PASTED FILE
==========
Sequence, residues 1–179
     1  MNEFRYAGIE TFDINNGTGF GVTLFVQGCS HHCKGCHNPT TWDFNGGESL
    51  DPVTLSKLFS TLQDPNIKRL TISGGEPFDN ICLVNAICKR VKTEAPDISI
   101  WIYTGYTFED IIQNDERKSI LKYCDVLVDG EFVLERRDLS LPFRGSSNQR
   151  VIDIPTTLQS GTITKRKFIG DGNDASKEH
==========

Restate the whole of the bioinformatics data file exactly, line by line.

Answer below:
Sequence, residues 1–179
     1  MNEFRYAGIE TFDINNGTGF GVTLFVQGCS HHCKGCHNPT TWDFNGGESL
    51  DPVTLSKLFS TLQDPNIKRL TISGGEPFDN ICLVNAICKR VKTEAPDISI
   101  WIYTGYTFED IIQNDERKSI LKYCDVLVDG EFVLERRDLS LPFRGSSNQR
   151  VIDIPTTLQS GTITKRKFIG DGNDASKEH